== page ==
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We Are SFUSD

"We Are SFUSD" shares real stories about our students, staff, leaders, and families with the community of San Francisco. Take a glimpse into the lives of the people who make up SFUSD, and learn how SFUSD core values to be student-centered, fearless, united, and to support social justice and diversity leads the work every day in our schools.

01/11/19

Dr. E’leva Hughes Gibson, Director - Cohort 5

Being a product of SFUSD, a native San Franciscan, a former teacher, a former school site leader and now a Central Office administrator has allowed me to have varying perspectives in how to best support student achievement and cultivate school community. My role is important because I help principals be innovative in how they lead their schools in order to change the outcomes for children.

12/14/18

Miles Choi, Kindergartner at Clarendon Alternative School

"I like to go to school because I can do something that I've never done before. My teacher does stuff with us like work and play bingo. I like to read and look at books!"

12/06/18

Matthew Young, Special Needs Paraprofessional at John Yehall Chin Elementary School

“I think it’s important to teach my students how to use the right tools in school that will benefit them in the future. I want to hear stories of the kids that I’ve worked with that they have a job, a home, and that they’re surviving and contributing to society. When they accomplish something in class, you see their eyes light up and you know that you’re a part of that. All the kids are like clay. We’re here molding them into somebody big, somebody special. That’s what makes me come to school. It’s exciting and it’s rewarding.

11/29/18

Landon Dickey, Special Assistant to the Superintendent for African American Achievement and Leadership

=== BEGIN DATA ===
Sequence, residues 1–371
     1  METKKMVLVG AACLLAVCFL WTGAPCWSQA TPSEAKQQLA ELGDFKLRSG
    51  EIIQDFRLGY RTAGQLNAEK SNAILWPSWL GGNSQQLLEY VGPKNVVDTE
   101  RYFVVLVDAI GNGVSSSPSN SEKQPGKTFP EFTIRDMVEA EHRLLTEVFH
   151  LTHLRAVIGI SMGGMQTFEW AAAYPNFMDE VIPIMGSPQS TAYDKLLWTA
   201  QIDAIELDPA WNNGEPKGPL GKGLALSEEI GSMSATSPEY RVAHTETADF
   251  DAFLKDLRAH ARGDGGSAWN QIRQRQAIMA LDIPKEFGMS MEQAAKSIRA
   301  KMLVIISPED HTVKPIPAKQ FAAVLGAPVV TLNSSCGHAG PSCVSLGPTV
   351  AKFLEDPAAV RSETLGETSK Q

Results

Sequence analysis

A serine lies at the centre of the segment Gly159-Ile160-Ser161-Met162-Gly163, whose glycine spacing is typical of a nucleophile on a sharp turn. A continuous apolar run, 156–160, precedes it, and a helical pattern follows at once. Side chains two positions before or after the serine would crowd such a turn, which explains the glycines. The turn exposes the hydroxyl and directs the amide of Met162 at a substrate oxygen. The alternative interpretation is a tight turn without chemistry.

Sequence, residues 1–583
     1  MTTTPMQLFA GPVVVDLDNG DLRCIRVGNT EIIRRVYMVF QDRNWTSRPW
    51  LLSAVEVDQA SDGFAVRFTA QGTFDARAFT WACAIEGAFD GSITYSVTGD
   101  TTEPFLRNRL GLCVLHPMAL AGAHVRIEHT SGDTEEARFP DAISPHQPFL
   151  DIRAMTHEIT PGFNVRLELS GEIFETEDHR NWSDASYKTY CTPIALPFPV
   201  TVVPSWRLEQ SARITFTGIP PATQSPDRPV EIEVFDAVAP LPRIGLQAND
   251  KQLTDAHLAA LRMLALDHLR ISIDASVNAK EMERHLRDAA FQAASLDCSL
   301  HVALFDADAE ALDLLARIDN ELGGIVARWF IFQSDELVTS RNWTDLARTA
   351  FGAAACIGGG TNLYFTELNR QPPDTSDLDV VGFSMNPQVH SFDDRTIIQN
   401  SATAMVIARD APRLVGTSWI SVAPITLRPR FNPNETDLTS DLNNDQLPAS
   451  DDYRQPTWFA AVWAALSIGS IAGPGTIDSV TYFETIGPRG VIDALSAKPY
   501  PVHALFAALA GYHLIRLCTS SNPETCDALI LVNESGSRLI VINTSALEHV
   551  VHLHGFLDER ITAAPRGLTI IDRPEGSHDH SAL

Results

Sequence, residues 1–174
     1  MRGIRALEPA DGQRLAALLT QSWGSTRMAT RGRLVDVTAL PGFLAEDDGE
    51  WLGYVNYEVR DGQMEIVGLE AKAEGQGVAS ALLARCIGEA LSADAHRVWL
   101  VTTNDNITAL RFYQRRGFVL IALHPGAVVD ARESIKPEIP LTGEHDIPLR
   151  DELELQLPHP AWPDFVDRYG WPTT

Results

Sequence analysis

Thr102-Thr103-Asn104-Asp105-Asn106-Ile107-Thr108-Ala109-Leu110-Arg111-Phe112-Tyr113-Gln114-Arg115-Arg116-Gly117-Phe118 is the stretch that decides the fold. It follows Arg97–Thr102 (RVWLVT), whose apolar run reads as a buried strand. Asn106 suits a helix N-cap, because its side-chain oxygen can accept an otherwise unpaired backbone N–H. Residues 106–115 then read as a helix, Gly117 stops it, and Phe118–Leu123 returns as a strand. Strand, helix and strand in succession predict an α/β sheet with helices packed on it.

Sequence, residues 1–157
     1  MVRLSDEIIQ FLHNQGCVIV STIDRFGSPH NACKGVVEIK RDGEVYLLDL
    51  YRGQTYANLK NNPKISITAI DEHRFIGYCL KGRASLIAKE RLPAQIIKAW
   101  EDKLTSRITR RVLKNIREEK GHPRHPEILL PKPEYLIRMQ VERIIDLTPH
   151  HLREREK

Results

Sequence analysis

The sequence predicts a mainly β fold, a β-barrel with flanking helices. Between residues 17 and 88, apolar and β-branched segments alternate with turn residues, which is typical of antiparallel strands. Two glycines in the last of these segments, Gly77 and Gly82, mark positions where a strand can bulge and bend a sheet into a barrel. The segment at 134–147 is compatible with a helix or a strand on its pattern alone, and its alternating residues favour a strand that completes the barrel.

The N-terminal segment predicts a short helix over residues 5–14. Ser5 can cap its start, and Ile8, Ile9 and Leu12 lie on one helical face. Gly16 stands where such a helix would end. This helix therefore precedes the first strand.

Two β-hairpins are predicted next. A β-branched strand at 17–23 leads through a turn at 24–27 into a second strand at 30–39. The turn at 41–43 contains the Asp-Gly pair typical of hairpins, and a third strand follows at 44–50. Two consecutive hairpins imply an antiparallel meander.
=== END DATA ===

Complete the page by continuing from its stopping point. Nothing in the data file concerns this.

We have an obligation as a school district to ensure that each and every one of our students has access to a high quality educational experience. I believe that to truly live up to the mission of our district, we have to put in place intentional work to support African American students and families, and we have to be unapologetic about doing so.

11/13/18

Kyle - 10th grade, Ruth Asawa School of the Arts

My friend Grace and I started a student-led environmental club and it really took off. The first year we had 12 students, this year we have 40. When we started engaging students, the most common misconception I found was that students feel they don’t have power. In the environmental club, we’re finding that if we set our minds to something, if we have a positive goal in mind, we can make a difference.

10/26/18

Mahnoor Wani, 11th grader at Raoul Wallenberg High School

I came here four years ago from Pakistan and my teachers have been helping me prepare for college. I want to study pre-med or biology. My plan is to become a neurosurgeon. There’s a lot of stigma surrounding mental health. I started a club called Bring Change to Mind, which is a mental health awareness club. I had my first meeting today.

10/10/18

Kaelynjoy, Kindergartner at Malcolm X Academy

I love my friends, I love my school and I even love gymnastics! I get to do homework. I love homework. The thing I love most is everyone at this school!

09/27/18

Sydnie Lee, Alumni of Galileo High School Class of 2010

I grew a lot at Galileo. Participating in sports and student government gave me more confidence to take on anything after I graduated.

09/19/18

Eric Guthertz, Principal at Mission High School

For me, it always goes back to the students. I’ve been here for a long time--18 years--as a teacher, a counselor, instructional coach and then principal for the last 11 years. Every single day when I get up, it’s about the kids. They’re funny, they’re smart, they’re deep, they’re thoughtful, and they see the world in ways that I could never imagine. For me, there’s no question that hanging out with teenagers all day is really the best thing in the world.

09/06/18

Aisha Owens, Legislative Secretary for the Legal Department

Our department works for both the employees and the students. If there’s an equity issue, students have someone who they can go to for support. Or if it’s a labor issue, our employees have somewhere they can go. It gives me comfort to know that if our students don’t feel safe or supported, we are here for them. That’s what we do. It’s really important for our students and our community to know that we exist.